Neutralizing the acidic nature of saliva can prevent the erosion of our teeth. Scientific work on dental films clearly indicates that oral alkali production can be very effective in managing caries. It directly increases the pH value of dental plaque, causing it to work toward remineralization and away from decay. An alkaline environment is also preferred by “good” bacteria and it suppresses the growth of cariogenic bacteria, that is, tooth decay-causing bacteria.8 The trick is to up alkali levels to compensate for the erosive acidic nature of digestive acids. How can you do this? By consuming more alkaline foods like cruciferous vegetables, green leafy vegetables, cayenne peppers, and garlic.9
Vitamin D produced by exposing your body to direct sunlight induces cathelicidin, an antimicrobial peptide. This counters oral bacteria linked to dental caries.10 Get your daily dose of sunshine to keep the bad bacteria at bay.
The Fluoride Option
According to the National Institute of Dental and Craniofacial Research, one way to reverse enamel decay is to use fluoride. It blocks the loss of minerals from your enamel and thwarts attempts by bacteria to generate that cavity-causing acid. Fluoride may even help by replacing some of that lost mineral content.11 According to the Institute, fluoride in your water supply should be able to help. But those prone to cavities can also try a fluoride toothpaste/mouth rinse and a fluoride varnish. However, due to the intense controversy and (unresolved) debate around fluoride usage, whether or not you would try this remains a personal choice. In short, preventive care may be your best bet if you’re unsure about which side you’re on in the fluoride debate.
Remember, if a cavity has already struck, a trip to the dentist may not be avoidable. But you can limit the damage by following these simple steps and paying a little extra attention to your pearly whites.
References [ + ]
|1.||↑||The Tooth Decay Process: How to Reverse It and Avoid a Cavity. National Institute of Dental and Craniofacial Research.|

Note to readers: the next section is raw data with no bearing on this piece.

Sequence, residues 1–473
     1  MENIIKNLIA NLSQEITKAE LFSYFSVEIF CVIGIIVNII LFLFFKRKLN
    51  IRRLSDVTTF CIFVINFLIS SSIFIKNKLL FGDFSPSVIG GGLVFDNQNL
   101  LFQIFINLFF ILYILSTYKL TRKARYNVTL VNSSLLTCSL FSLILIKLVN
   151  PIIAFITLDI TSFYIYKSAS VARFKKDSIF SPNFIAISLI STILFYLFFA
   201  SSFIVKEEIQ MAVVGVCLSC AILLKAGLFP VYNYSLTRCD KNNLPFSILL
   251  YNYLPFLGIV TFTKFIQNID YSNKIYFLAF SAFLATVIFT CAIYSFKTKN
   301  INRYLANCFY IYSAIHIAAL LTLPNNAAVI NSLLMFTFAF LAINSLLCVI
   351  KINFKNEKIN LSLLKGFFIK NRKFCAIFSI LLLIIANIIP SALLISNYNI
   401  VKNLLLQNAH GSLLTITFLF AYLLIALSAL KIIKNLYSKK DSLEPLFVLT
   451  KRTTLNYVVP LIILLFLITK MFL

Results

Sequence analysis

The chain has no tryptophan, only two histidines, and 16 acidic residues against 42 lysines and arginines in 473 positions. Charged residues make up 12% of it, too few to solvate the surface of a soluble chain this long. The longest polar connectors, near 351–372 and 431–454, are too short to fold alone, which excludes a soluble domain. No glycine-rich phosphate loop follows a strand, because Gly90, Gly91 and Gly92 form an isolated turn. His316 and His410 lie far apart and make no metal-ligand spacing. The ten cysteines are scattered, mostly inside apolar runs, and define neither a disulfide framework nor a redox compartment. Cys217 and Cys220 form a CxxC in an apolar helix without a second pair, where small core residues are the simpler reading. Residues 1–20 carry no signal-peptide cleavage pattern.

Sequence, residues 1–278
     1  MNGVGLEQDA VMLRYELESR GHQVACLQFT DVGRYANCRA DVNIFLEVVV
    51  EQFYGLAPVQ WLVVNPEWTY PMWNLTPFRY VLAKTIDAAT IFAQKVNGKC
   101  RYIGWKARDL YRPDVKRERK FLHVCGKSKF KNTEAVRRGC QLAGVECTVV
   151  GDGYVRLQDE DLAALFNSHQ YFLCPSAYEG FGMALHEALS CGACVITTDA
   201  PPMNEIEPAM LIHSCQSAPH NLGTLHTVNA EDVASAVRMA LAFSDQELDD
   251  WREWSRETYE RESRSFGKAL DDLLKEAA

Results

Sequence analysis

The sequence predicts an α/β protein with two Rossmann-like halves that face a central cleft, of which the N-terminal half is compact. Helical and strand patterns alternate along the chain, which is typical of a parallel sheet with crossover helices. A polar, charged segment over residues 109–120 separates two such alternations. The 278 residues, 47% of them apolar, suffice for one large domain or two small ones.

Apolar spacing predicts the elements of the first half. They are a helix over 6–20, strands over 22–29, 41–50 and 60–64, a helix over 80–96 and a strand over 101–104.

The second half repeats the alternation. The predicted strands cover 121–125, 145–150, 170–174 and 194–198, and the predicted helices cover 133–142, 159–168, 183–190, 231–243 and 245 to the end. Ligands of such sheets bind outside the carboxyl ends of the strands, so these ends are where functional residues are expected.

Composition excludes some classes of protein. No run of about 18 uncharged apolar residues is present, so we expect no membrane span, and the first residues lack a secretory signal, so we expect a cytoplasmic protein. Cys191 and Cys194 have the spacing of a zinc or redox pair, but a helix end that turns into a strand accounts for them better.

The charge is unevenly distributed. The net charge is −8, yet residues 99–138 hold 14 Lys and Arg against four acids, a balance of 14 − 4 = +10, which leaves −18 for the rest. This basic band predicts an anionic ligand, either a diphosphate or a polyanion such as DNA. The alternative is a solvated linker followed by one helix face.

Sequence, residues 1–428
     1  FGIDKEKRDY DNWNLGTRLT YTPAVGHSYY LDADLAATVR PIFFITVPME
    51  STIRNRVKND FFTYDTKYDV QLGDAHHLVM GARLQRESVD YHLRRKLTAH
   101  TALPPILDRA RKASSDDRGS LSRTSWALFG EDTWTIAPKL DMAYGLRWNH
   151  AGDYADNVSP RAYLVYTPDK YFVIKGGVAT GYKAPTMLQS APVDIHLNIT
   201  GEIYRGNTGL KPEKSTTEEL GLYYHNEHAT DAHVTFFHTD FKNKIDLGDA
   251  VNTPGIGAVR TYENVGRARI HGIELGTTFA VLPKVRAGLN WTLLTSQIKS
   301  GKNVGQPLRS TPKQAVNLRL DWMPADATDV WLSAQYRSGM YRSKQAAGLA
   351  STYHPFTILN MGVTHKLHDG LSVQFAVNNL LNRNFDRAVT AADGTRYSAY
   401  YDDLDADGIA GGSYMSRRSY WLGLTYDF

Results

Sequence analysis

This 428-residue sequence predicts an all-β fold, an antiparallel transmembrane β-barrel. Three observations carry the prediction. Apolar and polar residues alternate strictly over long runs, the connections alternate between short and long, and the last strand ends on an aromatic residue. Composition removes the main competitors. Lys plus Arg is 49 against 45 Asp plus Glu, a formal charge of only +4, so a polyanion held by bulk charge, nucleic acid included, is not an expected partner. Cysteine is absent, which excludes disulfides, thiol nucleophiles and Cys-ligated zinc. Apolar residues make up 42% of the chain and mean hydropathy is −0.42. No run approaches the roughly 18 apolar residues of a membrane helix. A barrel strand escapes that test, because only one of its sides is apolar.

|2.||↑||The Tooth Decay Process: How to Reverse It and Avoid a Cavity. National Institute of Dental and Craniofacial Research.|
|3.||↑||How sweet is it?. Harvard TH Chan School of Public Health.|
|4.||↑||Singh, Abhinav, and Bharathi Purohit. “Tooth brushing, oil pulling and tissue regeneration: A review of holistic approaches to oral health.” Journal of Ayurveda and integrative medicine 2, no. 2 (2011): 64.|
|5.||↑||Nagel, Ramiel. Cure Tooth Decay: Remineralize Cavities and Repair Your Teeth Naturally with Good Food. Rami Nagel, 2012.|
|6.||↑||Mellanby, May, and C. Lee Pattison. “Remarks on the influence of a cereal-free diet rich in vitamin D and calcium on dental caries in children.” British medical journal 1, no. 3715 (1932): 507.|
|7.||↑||Ram Manohar, P., Reshmi Pushpan, and S. Rohini. “Mustard and its uses in Ayurveda.” Indian Journal of Traditional Knowledge 8, no. 3 (2009): 400-404.|
|8.||↑||Liu, Ya-Ling, Marcelle Nascimento, and Robert A. Burne. “Progress toward understanding the contribution of alkali generation in dental biofilms to inhibition of dental caries.” International journal of oral science 4, no. 3 (2012): 135-140.|
|9.||↑||Burne, Robert A., and Robert E. Marquis. “Alkali production by oral bacteria and protection against dental caries.” FEMS microbiology letters 193, no. 1 (2000): 1-6.|
|10.||↑||Grant, William B. “A review of the role of solar ultraviolet-B irradiance and vitamin D in reducing risk of dental caries.” Dermato-endocrinology 3, no. 3 (2011): 193-198.|
|11.||↑||The Tooth Decay Process: How to Reverse It and Avoid a Cavity. National Institute of Dental and Craniofacial Research.|